There are real concerns that London could be forced into a lockdown, as people are being “turned away from being tested.”
London has seen a huge spike in coronavirus infections, with swathes in North London boroughs which had almost 200 cases in 11 days this month.
No one knows what the true scale of infections are, but it is feared to be far higher as thousands are struggling to get a test, or an appointment.
With the reopening of school’s children are picking up bugs, leaving thousands of families being forced to self-isolate, waiting days for results.
Some are being forced to travel hundreds of miles to get a coronavirus test, but many thousands who are unable to travel that far are missing out and are being forced to wait, whilst self-isolating.
Mark Santos, Redbridge’s Cabinet member for public health told the Standard, “We have got a spike and people were being turned away from being tested.
“I’m worried about people getting seriously ill and dying.”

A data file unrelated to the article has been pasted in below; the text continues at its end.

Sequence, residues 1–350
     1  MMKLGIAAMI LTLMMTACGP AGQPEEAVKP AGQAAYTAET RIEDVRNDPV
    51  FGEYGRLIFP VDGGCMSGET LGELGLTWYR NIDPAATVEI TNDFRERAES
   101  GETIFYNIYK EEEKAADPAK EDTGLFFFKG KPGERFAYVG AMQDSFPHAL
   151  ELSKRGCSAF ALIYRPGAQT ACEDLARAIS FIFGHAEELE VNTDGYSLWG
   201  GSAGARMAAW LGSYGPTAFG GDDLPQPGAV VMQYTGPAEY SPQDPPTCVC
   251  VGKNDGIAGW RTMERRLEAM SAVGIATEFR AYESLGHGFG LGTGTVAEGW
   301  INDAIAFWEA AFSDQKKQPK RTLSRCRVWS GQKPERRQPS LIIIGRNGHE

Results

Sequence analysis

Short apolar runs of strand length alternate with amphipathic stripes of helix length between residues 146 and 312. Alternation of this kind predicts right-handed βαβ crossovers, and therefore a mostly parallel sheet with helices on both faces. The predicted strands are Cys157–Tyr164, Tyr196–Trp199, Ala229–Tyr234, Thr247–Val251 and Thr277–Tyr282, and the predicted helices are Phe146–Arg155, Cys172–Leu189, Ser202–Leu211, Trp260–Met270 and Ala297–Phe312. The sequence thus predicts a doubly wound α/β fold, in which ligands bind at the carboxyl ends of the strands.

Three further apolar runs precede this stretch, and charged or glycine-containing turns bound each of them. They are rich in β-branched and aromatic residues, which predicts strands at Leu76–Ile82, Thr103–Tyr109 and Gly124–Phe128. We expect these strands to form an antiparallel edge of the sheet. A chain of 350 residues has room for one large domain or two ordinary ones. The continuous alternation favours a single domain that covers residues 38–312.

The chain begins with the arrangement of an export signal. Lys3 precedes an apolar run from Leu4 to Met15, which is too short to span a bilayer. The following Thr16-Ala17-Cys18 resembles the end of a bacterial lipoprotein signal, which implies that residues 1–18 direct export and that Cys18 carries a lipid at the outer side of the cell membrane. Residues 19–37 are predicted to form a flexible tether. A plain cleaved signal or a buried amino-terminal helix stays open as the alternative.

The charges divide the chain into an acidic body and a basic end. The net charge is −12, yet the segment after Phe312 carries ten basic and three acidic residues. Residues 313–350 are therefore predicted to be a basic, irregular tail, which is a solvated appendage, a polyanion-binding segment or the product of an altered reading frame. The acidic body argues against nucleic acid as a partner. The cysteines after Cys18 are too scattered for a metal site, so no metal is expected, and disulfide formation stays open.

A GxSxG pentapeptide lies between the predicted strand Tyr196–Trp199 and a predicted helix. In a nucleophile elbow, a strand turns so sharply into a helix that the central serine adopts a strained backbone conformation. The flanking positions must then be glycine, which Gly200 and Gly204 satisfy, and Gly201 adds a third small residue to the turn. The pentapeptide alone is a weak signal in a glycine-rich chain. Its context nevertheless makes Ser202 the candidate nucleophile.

Santos added, “I would actively encourage people to follow the rules that keep them safe otherwise there is a real potential of a lockdown.”
The Department of Health and Social Care (DHSC) said their test-and-trace capacity is at the “highest it has ever been but we are seeing a significant demand for tests including from people who do not have symptoms.”
The DHSC spokesman added, “We are targeting testing capacity at the areas that need it most, including those where there is an outbreak, and prioritising at-risk groups.”
Using a Covid calculator, scientists have expressed their concerns that four east London boroughs are at risk of evolving into coronavirus “hotspots” within the next 17 days.
There is a 75% chance that Newham will become a hotspot along with a 74% chance of Havering, with a 67% chance for Tower Hamlets.
The figure for the whole of England currently stands a 67% chance.
Justice Secretary Robert Buckland told Sky News, that another national lockdown remains a “nuclear option.”
WHO director-general Tedros Adhanom Ghebreyesus warned that Europe are now seeing infections rising higher than the first peak.
“Lives and livelihoods have been lost, the global economy is in recession and social and political fault lines have been exposed.
“The European region is no exception. Many of your countries have been the among hardest hit. We are by no means out of the woods.
“Fortunately, the number of deaths appears to be remaining at a relatively low level, for now.
“But every death is a tragedy, and there can be no room for complacency. If we do not keep transmission in check, more people will lose their lives, and there is the real risk of reintroducing so-called lockdown measures that have been so costly.”